Although Petrie had examined the site earlier, the first real excavations at Karanis began in 1925 and were undertaken by the University of Michigan, who were the first to realise the potential for the investigation and study of Graeco-Roman sites in Egypt. The town has since provided a very valuable source of information on everyday life, religious cults, administration and industries during this period. There have also been numerous papyri and documents found – excellently preserved due to Egypt’s dry climate – which have the special significance of being able to be read in context with the architecture and artefacts of the town remains. The Michigan team found five datable levels of stratigraphy during their excavations over the three main areas they covered. The site has since been excavated by Cairo University and more recently by the French Institute of Oriental Archaeology.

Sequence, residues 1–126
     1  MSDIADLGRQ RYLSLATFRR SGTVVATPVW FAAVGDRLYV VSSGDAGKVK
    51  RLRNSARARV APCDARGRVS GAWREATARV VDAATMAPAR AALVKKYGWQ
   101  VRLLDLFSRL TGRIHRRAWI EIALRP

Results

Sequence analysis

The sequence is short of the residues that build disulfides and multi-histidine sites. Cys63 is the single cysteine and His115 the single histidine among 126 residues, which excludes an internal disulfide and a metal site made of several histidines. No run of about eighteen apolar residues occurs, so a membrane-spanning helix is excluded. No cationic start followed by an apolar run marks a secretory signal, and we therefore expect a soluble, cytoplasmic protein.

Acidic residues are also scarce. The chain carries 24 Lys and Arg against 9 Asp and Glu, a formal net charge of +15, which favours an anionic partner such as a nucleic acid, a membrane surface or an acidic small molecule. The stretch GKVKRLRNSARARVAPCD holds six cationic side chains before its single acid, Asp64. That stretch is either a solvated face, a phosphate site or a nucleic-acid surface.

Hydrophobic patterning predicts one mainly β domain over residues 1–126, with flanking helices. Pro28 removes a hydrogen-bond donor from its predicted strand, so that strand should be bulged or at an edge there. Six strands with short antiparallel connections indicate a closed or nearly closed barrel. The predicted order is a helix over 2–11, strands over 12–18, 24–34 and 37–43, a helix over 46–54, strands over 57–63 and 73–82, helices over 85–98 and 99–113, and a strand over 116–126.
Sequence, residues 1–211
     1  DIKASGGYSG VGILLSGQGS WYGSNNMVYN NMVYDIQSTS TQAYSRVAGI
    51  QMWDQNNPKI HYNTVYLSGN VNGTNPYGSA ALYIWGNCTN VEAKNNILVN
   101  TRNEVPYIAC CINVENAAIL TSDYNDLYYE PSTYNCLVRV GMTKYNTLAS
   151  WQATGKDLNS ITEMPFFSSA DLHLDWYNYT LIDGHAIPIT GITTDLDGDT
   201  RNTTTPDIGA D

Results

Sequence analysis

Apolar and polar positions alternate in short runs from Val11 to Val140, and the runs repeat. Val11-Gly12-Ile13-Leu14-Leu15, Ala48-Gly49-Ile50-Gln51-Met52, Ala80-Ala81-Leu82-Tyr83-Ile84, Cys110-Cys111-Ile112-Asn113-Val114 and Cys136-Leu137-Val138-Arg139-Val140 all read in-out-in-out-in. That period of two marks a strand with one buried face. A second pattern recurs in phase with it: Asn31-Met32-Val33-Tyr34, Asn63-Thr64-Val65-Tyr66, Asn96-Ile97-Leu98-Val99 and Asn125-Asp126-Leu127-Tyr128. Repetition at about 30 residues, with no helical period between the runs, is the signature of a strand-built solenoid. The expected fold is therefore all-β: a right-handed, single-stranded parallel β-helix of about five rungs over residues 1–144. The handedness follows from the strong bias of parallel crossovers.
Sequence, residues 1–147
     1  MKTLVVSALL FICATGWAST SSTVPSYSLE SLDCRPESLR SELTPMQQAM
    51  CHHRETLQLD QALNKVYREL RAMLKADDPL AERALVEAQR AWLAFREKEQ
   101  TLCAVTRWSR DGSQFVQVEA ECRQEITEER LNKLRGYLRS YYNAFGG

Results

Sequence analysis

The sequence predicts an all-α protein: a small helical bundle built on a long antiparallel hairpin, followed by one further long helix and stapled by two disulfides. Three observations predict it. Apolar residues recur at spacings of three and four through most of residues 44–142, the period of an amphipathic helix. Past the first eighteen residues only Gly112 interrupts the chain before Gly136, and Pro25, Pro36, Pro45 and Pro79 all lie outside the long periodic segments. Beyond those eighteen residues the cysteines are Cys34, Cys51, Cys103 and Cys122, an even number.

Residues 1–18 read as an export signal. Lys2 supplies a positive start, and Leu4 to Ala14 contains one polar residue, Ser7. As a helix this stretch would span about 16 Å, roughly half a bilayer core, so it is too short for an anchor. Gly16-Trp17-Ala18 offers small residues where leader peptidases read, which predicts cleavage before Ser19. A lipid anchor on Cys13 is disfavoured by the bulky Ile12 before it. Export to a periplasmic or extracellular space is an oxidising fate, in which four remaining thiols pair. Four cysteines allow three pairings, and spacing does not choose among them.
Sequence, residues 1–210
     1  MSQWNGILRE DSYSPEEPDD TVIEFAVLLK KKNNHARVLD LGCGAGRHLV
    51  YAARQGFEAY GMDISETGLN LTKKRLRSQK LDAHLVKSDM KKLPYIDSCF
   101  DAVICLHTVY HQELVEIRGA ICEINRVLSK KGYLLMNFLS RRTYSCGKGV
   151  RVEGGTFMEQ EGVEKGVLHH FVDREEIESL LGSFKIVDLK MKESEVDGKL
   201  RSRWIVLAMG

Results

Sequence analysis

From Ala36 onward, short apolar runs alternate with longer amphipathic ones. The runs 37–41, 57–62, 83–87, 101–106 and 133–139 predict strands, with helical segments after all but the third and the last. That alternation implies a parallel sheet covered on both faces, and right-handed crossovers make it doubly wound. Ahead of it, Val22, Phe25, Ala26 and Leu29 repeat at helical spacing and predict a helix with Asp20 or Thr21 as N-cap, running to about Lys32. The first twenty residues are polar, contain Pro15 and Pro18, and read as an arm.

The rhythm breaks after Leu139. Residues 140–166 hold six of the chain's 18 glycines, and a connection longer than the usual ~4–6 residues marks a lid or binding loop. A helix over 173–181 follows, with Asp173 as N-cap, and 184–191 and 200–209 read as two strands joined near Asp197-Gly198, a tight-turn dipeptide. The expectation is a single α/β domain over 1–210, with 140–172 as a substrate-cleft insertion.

The archaeological site of Karanis is situated on a huge mound which rises 12m above the surrounding plain. The town was founded by Ptolemy II in the 3rd century BC, primarily as a garrison for his troops, but prospered and grew, probably because of its accessibility from more populated cities to the north. At the time of building the town would have been on the shores of Lake Qarun. The houses are arranged in clusters around the two main thoroughfares which run from north to south and range in style from simple mudbrick dwellings to the more elaborate villas of the high-status officials. Remains of millstones and olive presses still lie on the ground and there were also six dovecotes found in the ruins, similar to those seen in the Faiyum today. Although many occupations and industries are represented in the town, it would appear that the majority were farmers who worked on the fertile agricultural land of the surrounding area. Ten large granaries and seven smaller ones have been uncovered at Karanis.